The idea here is to attract a lot of attention with the two seam routes which should result in the defense leaving the hitches alone. On this play, however, the defense didn't drop fast enough to shut down the deep throw:
This is another mirrored concept. It is worth noting that the start of this play looks quite similar to smash to the defense, making the two natural complements.
While I don't have any images on hand, Northwestern used the common shallow cross concept; Kain Colter picked up a few big plays against Nebraska running the shallow. Both common forms of the concept involve running two receivers across the field, one shallow and another deep; they differ in whether the offense brings the deeper cross from the same side as the shallow or the opposite side. I am not sure which of these Northwestern prefers. The concept can use any receiver on the shallow cross; I would look for Kyle Prater running these as a way to get him easy touches.
Vertical Passes and Play Action
One disadvantage of the spread is that it limits a team's ability to run slow-developing deep plays. Northwestern did sometimes use play-action with 3-verticals with great success, but compared to a pro-style offense the spread is always going to be limited by a lack of play-action options and a limited selection of protections. This makes hitting big plays off of base passes more important than for a team that can go to a 7 or 8 man protection and let receivers work deep.
For a spread team, the modern Northwestern offense has a fairly limited set of screens. Bubble screens are a consistent part of the offense, but neither running back screens nor "true" receiver screens (screens where linemen try to get to the perimeter to lead) are a major part of the offense. This puts great pressure on the quarterback to recognize blitzes and make plays against them.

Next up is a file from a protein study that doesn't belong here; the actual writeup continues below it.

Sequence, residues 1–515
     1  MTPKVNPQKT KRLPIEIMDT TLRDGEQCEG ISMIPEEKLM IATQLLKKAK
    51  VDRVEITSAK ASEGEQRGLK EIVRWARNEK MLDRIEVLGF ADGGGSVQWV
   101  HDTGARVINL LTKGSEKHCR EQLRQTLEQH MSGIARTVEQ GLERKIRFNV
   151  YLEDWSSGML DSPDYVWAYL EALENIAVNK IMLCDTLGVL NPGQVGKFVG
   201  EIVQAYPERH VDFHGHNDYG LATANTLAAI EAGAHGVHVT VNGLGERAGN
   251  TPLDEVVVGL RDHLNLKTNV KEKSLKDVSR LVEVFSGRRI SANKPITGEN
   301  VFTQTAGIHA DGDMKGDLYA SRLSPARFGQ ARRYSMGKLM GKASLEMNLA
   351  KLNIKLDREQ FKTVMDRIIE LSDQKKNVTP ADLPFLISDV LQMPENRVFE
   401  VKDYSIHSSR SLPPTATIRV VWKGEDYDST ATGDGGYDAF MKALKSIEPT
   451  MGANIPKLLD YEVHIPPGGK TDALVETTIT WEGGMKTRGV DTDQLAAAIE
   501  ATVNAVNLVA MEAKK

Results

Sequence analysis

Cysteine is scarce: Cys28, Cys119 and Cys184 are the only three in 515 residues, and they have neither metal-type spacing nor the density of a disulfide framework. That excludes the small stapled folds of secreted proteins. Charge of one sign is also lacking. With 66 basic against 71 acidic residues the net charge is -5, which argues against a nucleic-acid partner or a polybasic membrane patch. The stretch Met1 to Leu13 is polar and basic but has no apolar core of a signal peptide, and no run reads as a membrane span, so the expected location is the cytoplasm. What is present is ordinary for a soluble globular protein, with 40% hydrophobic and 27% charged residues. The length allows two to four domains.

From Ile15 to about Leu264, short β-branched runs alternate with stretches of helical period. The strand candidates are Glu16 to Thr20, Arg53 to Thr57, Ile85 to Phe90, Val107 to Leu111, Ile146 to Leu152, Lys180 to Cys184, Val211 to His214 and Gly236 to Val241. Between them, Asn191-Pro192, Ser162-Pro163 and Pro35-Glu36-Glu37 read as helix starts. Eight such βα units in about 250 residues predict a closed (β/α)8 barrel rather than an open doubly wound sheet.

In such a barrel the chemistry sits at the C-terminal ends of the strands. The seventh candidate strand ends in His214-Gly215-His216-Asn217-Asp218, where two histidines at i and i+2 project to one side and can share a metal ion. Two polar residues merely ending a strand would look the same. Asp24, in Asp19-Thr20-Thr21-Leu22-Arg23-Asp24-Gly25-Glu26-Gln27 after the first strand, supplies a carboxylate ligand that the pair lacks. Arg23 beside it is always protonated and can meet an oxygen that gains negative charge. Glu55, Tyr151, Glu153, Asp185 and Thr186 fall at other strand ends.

A Bit of Theory
The plays above are far from comprehensive; they are instead concepts that I saw repeatedly and have the resources to discuss. One thing worth noting about the Northwestern pass offense, however, is its strong emphasis on attacking the perimeter. Even the shallow cross is really designed to attack the flat opposite where the receiver starts his route. We should expect to see this approach continue, with short and intermediate throws to the outside forming the core of the passing offense, attempting to exploit defenses that overemphasize guarding the middle of the field. This is a complement to the run game, which primarily attacks between the tackles.
Where we likely will see changes this season is in the mix of receivers and concepts. Kyle Prater is an exciting prospect, offering the kind of raw physical talent that we are not used to seeing. He is a natural choice for an outside receiver position (though this preseason depth chart has him in the mix as a Y receiver, Jeremy Ebert's old position). If he or another receiver emerges on the outside, expect to see the offense adjust to give them more chances with the ball. If that depth chart is accurate regarding which players are up for which receiver positions (as opposed to the order, which is alphabetical), we should expect to see the inside receivers emphasized again this season.